Commissioner Garrido often hosts neighborhood meetings in Harper about subjects of local interest. The estuary project, of course, remains a popular topic; and community conversations have addressed community assets such as the waterfront, the park, and the proposed passenger-only ferry service from Southworth.

The fishing pier is a big draw to Harper.  The Port of Bremerton reopened the Harper Pier in 2015 after replacing an unsafe wooden dock with a new structure.  Kitsap County had widened a portion of Southworth Drive in 2009, providing brick-colored shoulders to increase safety for walkers and bikers along the scenic roadway between the pier and Harper Park (where the brick factory used to be). Many Harper residents have lived in this unique waterfront neighborhood for decades, and value their scenic vistas and community networks.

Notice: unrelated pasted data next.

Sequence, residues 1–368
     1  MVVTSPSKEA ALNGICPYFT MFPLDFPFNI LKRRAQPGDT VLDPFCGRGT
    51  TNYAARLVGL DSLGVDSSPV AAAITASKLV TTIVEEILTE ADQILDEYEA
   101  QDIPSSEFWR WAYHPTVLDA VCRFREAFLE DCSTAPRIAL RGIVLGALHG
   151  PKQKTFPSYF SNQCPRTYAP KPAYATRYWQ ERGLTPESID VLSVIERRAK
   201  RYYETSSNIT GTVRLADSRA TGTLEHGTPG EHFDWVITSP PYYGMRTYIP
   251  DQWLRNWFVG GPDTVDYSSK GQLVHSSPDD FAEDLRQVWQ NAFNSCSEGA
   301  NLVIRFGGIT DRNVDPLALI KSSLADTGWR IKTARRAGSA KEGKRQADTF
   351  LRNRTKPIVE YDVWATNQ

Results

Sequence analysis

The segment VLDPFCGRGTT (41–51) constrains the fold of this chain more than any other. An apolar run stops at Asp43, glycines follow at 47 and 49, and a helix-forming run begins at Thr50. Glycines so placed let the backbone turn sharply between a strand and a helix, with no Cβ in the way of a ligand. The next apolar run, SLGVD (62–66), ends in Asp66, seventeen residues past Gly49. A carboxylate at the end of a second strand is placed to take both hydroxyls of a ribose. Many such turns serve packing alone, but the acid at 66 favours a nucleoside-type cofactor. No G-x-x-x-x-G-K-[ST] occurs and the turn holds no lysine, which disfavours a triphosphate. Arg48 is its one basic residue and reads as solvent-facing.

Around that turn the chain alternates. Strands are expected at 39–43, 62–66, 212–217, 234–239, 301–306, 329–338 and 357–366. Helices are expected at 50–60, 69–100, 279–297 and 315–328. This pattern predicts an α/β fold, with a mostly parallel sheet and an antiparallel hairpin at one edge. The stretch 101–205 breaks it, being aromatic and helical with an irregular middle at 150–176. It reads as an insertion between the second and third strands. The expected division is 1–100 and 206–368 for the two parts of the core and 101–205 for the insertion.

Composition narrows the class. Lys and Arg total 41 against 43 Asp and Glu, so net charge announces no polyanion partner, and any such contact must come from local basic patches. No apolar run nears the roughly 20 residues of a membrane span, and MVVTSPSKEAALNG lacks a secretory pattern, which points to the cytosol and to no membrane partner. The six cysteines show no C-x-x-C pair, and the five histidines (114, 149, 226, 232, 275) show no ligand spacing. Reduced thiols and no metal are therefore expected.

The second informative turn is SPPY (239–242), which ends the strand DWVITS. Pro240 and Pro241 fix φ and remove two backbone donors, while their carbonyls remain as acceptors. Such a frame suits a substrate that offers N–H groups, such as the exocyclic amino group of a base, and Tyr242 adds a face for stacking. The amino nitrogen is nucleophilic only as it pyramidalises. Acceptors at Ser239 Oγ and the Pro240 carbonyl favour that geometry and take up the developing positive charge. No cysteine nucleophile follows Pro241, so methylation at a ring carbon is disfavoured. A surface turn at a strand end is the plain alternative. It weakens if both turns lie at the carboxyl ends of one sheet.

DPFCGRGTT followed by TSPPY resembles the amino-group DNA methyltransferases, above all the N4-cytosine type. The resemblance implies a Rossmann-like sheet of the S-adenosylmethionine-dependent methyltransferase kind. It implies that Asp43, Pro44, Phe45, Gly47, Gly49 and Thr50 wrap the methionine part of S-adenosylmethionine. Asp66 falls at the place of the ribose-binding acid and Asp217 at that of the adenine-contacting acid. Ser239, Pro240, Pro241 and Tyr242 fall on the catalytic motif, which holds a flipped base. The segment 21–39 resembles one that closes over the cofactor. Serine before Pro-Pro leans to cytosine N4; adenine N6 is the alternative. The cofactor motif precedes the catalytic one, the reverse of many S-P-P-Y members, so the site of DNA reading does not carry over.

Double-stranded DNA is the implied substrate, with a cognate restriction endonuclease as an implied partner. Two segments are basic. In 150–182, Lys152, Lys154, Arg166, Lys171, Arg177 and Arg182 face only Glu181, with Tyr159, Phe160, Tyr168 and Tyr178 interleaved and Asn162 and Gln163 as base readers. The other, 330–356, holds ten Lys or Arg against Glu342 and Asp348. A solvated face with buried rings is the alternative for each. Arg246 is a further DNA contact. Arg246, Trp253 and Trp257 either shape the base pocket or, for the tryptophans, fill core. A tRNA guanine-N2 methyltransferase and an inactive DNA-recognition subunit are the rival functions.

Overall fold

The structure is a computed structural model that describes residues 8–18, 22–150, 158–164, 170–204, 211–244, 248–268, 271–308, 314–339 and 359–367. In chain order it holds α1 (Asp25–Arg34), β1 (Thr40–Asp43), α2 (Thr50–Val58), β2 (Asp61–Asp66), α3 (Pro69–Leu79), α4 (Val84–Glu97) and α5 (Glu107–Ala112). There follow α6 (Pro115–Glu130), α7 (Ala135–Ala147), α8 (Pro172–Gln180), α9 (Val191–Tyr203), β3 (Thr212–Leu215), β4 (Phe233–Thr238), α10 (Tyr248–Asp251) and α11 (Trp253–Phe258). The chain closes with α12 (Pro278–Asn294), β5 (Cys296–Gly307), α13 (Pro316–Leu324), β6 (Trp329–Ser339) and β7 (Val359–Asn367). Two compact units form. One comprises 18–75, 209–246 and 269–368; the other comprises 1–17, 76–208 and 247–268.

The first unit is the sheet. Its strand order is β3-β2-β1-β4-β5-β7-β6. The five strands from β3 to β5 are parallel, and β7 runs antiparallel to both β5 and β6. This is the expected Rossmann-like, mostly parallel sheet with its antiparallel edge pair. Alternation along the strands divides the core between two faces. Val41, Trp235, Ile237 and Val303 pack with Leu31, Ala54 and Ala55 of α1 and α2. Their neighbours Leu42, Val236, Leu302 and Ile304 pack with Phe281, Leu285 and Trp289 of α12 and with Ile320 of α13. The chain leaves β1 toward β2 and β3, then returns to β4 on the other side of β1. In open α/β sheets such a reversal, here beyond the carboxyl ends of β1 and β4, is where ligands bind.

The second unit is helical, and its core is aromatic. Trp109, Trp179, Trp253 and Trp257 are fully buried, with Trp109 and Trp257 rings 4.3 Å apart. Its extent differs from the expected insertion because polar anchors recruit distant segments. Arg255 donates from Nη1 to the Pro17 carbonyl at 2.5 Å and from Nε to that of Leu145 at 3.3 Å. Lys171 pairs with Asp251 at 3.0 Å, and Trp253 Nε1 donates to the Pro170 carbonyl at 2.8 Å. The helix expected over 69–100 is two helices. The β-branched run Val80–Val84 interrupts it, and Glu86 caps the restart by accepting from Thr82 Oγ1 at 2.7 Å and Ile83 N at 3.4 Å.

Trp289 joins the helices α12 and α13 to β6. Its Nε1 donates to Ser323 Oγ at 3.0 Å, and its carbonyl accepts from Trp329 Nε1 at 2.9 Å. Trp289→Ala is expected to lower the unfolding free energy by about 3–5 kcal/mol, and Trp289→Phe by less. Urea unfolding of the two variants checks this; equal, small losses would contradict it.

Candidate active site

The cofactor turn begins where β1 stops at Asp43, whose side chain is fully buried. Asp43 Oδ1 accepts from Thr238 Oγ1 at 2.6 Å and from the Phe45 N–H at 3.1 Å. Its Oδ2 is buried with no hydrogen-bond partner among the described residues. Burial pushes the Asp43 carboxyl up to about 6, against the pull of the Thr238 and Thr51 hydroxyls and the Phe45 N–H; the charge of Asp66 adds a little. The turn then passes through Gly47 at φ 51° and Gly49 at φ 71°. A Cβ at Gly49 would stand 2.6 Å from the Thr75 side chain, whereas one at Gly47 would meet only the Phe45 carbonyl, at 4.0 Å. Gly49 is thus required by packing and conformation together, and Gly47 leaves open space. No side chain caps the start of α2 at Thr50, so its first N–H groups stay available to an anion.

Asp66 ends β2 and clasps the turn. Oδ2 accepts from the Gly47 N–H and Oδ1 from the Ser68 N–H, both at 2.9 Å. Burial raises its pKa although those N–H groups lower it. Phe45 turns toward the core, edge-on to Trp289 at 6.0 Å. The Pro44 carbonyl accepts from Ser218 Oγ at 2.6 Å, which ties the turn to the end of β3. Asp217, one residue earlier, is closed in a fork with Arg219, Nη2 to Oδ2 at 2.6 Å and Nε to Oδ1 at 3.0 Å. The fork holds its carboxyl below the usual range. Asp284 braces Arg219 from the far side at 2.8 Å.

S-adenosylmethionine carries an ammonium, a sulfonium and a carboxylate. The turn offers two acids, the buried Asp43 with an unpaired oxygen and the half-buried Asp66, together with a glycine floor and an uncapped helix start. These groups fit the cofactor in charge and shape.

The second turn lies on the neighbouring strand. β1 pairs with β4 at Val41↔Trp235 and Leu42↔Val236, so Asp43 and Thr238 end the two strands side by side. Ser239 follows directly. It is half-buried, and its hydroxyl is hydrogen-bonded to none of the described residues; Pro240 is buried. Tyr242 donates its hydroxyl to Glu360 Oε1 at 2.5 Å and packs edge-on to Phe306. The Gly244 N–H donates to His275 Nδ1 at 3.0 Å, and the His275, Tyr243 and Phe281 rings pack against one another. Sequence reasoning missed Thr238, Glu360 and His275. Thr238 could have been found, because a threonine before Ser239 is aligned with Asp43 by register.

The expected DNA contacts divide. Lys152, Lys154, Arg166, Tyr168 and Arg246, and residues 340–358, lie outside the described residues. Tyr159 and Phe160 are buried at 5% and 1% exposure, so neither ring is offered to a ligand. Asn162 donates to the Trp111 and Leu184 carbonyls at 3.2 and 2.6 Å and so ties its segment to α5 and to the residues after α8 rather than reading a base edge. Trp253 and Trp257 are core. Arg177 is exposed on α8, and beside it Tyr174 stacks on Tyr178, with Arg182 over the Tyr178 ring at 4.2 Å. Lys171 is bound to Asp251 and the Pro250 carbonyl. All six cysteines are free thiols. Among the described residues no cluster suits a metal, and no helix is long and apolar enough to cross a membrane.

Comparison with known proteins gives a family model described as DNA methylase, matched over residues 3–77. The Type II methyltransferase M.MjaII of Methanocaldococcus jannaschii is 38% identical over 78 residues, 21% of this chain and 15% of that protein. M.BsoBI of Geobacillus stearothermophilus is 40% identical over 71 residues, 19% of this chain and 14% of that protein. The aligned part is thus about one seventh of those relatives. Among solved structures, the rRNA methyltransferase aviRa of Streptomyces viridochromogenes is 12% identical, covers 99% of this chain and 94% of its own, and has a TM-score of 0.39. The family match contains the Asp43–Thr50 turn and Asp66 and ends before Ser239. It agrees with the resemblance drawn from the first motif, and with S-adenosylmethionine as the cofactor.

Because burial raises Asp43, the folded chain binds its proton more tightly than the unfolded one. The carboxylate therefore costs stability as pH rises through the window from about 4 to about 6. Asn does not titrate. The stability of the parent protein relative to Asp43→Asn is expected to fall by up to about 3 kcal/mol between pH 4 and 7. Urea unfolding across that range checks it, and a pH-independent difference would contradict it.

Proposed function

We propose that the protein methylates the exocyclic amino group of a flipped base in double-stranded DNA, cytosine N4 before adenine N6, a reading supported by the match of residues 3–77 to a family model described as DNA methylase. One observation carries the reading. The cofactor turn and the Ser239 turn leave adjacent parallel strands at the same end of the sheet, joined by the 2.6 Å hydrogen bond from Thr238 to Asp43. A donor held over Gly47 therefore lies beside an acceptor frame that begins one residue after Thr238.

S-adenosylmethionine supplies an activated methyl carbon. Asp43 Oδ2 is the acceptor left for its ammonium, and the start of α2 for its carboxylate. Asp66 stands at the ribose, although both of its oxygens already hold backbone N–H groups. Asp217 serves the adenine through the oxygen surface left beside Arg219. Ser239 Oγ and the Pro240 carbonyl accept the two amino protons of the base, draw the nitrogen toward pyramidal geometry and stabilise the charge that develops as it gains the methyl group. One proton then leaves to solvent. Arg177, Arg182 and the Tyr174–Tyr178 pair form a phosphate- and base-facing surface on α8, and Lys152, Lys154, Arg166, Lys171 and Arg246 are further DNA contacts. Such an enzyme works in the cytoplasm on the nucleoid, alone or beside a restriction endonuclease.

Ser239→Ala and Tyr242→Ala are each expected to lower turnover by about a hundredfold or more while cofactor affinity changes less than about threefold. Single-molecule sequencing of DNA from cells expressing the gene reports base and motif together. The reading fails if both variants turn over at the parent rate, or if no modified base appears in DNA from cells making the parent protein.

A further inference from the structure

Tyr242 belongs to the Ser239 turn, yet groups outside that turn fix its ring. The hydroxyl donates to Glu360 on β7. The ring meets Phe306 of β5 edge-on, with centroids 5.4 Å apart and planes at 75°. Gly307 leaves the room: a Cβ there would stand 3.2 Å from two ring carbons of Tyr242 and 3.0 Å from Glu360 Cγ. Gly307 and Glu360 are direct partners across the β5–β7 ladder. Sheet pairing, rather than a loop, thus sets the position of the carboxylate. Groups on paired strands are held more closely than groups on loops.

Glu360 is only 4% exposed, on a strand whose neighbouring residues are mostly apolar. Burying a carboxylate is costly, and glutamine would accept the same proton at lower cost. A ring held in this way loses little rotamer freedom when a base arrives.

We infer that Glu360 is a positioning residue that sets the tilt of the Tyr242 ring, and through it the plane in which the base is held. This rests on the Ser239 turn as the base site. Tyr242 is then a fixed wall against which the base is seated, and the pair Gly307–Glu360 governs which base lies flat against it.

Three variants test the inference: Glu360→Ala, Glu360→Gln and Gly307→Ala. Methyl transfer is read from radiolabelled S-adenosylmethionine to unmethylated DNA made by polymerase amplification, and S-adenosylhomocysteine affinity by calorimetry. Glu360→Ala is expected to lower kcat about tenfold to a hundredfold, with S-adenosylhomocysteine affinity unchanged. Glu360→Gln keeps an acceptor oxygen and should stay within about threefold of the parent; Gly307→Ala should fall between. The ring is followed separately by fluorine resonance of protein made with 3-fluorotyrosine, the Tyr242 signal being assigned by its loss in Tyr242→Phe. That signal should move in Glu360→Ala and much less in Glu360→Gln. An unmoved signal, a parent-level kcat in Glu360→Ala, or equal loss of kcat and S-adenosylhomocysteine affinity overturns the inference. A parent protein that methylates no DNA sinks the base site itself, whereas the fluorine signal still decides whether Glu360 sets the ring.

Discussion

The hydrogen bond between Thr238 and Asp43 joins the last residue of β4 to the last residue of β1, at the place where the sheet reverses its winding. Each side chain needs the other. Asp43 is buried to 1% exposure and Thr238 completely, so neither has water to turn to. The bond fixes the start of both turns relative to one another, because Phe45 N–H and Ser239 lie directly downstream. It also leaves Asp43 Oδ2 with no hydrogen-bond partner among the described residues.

2018 Lodging Tax

As chair of the Lodging Tax Advisory Committee (LTAC), Commissioner Garrido spent several days during late August reviewing applications to receive the lodging tax funds. The committee (comprised of two members representing the businesses that collect the lodging tax and two members from tourism-generating activities) recommends recipients for these funds.  The annual taxes are collected for overnight stays at facilities such as hotels, motels, rooming houses, private campgrounds and RV parks. The Board of County Commissioners approved the resolution distributing lodging tax revenue on September 25, 2017 to be used for marketing and operations of:

  • Tourism;
  • Special events and festivals designed to attract tourists; and
  • Tourism-related facilities that are owned or operated by a) municipality or public facilities district or b) nonprofit organizations.